You’ll need to complete the Vanguard and Heroic missions to really have a standing chance to get the legendary equipment necessary to level past 20 — this is a whole other business that I can barely really get into because it’s so convoluted that it takes several FAQs to figure out. Basically, once you rank up to 20, you can acquire special legendary armor that contain “light points.” The more light you acquire, the more super duper leveled up you get. If you want to try that fancy new raid that took 14 hours for the first team to beat, you’ll definitely need to focus on getting those light points. I wouldn’t even bother trying the raid until you’re at least level 26. Again, Bungie doesn’t really communicate all this very well, so you’re pretty much left to piece it together yourself. Once you get the hang of it, though, you’re in a whole other ball game. This is really where Destiny‘s big looting component comes in. It opens up HOURS of grinding.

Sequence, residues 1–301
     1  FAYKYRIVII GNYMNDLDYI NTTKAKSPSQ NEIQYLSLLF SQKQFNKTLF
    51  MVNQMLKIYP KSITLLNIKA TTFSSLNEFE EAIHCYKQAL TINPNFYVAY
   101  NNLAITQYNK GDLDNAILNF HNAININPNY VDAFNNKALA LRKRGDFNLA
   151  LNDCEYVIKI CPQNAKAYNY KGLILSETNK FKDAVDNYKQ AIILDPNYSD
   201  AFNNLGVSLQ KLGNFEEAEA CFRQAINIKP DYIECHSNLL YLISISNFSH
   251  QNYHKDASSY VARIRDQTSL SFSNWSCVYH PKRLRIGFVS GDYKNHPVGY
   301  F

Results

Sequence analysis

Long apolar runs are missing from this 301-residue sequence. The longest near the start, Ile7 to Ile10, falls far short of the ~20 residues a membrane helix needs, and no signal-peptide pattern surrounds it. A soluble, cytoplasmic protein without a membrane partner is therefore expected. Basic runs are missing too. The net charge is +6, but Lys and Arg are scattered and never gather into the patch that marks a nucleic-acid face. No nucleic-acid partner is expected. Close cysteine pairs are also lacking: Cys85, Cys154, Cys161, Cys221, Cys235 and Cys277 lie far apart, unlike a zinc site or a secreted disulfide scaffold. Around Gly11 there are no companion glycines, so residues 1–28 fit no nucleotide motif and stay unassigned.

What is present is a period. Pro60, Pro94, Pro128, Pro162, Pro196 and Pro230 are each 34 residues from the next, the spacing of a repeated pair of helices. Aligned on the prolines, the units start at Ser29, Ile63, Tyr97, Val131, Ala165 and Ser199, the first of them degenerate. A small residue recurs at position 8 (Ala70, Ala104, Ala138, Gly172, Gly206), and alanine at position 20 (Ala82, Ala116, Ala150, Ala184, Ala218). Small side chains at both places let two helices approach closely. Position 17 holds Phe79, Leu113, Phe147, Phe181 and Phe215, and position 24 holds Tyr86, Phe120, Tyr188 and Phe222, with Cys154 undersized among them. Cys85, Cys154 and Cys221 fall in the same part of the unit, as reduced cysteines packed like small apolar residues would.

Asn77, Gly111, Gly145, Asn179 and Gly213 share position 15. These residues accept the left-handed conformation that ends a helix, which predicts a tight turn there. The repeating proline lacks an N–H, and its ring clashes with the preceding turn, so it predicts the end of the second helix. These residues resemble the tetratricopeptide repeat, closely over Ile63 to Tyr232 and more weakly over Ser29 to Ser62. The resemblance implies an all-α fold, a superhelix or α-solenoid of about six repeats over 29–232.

But to move past all that technical mumbo jumbo that I don’t really like about MMOs — am I playing a game or am I filling out my taxes — let’s talk about PvP. Destiny‘s PvP makes me cry nostalgia for the days of Halo 3. It was the last time I felt that a FPS multiplayer mode really clicked for me. This was before killstreaks and drone strikes and wager matches and jetpacks and all that other fancy stuff took over the scene. Halo 3 offered the basics: guns, grenades, and melee on interesting maps with diverse weapons. Sure, there was the occasional bubble shield, but even that felt dynamic and didn’t really create the feeling that multiplayer was getting too overwhelmed with new and unnecessary features. That was the last time I really felt passionate about FPS PvP.